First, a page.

Johannesburg, South Africa. In May, the Gauteng MEC for Health, Dr. Nomathemba Mokgethi, referred to the issues the Gauteng public health system experiences as “pressures” rather than a “crisis,” and she blamed Covid-19 and the significant number of foreign nationals using the system. Again, in August, Dr. Phophi Ramathuba, the Limpopo Health MEC, sparked controversy on social media by urging the hospital to bill a Zimbabwean national for treatment. Whether these MECs are right or wrong, the fact remains that African healthcare systems are under pressure to deliver in the post-covid era. As noted by the IMF, in post-covid-19 the economic recovery for many countries depends on the policies that focus on strengthening healthcare infrastructure.
As we know, governments largely fund healthcare infrastructure in Africa. They mainly finance the upfront costs, but the ongoing maintenance and operational financing are very weak, making it challenging to meet the growing healthcare demands. The statistics from the Healthcare and Economic Growth in Africa report states that Africa’s financing gap is about $66 billion annually. In addition to that, $25-$30 billion of new investments are needed help meet the health care demands over the next decade, according to the IFC (International Finance Corporation).
With such gaps, health entrepreneurs play a crucial role in improving the healthcare infrastructure. But there is a need for more platforms that link investors with entrepreneurs. These platforms should connect people and provide the knowledge and expertise on how investors could help to improve healthcare infrastructure in the continent. Such platforms should also provide a well-grounded understanding of the market dynamics for investors to weigh potential investments.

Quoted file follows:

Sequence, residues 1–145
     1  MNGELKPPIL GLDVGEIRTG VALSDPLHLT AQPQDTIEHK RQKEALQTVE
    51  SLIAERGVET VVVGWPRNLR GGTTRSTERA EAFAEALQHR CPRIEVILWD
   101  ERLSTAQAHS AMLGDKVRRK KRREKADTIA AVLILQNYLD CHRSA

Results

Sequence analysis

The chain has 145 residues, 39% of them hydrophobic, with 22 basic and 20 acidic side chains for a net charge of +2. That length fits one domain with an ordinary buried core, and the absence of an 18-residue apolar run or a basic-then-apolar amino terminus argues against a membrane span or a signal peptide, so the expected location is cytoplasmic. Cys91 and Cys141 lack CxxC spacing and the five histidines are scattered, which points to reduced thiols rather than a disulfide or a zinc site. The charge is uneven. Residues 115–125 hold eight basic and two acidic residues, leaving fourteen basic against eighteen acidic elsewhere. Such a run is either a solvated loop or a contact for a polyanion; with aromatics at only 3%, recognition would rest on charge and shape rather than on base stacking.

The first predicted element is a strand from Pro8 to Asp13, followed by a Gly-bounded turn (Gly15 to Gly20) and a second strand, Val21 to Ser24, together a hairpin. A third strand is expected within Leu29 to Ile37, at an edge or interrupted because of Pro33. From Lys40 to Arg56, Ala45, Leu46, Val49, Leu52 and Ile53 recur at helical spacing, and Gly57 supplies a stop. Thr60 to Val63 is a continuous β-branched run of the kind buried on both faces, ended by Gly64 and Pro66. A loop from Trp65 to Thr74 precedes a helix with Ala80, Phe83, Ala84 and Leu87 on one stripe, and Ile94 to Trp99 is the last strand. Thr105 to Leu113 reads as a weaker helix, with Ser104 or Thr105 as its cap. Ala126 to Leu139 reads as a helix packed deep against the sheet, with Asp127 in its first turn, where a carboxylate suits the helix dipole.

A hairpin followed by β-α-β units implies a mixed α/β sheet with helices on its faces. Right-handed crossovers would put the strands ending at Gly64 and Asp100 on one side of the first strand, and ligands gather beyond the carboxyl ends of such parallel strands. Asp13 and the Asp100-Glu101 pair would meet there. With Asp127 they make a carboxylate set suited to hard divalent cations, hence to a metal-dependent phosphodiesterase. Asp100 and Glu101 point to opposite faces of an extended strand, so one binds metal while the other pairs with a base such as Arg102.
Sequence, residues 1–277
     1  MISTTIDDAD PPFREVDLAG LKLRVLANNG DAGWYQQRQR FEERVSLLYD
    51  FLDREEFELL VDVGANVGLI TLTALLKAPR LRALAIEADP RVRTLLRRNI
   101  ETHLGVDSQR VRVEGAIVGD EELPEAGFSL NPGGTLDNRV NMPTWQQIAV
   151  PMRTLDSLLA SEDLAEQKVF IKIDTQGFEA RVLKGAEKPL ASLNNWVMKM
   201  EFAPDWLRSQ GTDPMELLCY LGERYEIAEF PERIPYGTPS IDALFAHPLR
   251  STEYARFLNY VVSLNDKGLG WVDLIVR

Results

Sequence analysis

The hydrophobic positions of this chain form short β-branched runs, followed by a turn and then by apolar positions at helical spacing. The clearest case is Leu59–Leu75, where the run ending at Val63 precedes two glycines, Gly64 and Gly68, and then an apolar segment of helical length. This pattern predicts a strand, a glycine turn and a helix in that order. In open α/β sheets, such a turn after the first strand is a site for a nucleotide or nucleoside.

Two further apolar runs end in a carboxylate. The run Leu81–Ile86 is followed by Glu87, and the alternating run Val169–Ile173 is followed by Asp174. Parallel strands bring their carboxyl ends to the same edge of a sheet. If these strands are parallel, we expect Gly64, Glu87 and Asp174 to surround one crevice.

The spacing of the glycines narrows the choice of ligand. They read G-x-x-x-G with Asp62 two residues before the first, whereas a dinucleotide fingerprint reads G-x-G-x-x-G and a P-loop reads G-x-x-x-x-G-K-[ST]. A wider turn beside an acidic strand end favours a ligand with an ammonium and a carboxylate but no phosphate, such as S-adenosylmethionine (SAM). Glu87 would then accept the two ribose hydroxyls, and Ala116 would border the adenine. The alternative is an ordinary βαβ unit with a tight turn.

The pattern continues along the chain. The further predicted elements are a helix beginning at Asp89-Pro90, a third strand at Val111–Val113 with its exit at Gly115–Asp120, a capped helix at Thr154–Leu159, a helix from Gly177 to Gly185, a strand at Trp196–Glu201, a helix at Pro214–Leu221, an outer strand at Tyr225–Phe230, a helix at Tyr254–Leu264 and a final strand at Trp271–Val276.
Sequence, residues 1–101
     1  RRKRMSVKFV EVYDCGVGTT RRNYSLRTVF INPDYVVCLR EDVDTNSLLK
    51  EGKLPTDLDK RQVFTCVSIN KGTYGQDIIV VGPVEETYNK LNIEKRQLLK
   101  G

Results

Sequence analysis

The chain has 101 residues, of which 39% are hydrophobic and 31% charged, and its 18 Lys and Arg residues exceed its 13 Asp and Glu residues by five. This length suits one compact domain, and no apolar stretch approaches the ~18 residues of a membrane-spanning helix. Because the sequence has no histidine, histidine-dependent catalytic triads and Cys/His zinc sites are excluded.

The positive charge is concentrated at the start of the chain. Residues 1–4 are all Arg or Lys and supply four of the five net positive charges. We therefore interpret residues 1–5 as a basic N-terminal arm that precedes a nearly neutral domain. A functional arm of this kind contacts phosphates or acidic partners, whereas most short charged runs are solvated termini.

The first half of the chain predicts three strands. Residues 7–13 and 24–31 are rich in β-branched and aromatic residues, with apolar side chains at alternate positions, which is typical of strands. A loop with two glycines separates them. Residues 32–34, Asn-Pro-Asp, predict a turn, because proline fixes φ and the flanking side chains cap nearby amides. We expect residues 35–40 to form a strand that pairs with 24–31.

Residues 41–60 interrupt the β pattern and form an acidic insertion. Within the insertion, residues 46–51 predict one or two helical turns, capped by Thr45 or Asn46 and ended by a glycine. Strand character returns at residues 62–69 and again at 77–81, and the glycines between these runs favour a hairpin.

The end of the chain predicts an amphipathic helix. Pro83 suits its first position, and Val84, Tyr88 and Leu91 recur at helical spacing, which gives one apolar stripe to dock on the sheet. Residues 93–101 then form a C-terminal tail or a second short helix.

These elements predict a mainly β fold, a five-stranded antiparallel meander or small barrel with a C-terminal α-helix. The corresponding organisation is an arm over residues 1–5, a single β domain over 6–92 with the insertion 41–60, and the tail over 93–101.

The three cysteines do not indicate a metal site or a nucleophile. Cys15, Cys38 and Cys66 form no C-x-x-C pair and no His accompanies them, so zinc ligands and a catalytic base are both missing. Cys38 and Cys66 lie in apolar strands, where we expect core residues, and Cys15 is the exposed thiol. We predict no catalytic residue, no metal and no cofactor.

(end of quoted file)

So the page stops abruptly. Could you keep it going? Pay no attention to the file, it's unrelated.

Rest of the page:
In emerging markets like Kenya, Nigeria, and South Africa, we see entrepreneurs with innovative health projects but often lack investors ready to meet them. On the other hand, investors are looking for lucrative projects to improve healthcare infrastructure locally and beyond. With a lack of platforms that link investors with entrepreneurs, investors tend to look into established businesses or blueprint-stage ventures. In this regard, early-stage health entrepreneurs often struggle to find high-quality backup.
It is without a doubt that investors have honed their interest in the healthcare industry. While most of these investors look to provide catalytic support to global health, particularly for financial returns, some seek to make a social impact locally. In Nigeria and other countries, we see multinational institutions coming into community schemes to help them finance their health care for visible impact. There is a need to broaden investor resources to magnify health impact in terms of delivery and access. With the growing interest in innovative healthcare investments, African entrepreneurs need to pioneer new approaches sensitive to the local context for investors to meet them where they are.
With the lessons learnt during this pandemic, entrepreneurs should bring a methodology of building the long-term sustainability of healthcare systems around the continent. They should drill down to all problematic areas and make sure they focus on where they want to bring in sustainable healthcare. With so many healthcare pillars and facets, having the know-how to finance and operate healthcare infrastructure becomes crucial at this point. We need to roll our sleeves on the ground to ensure that our healthcare systems are operational while applying various models to ensure sustainability.1344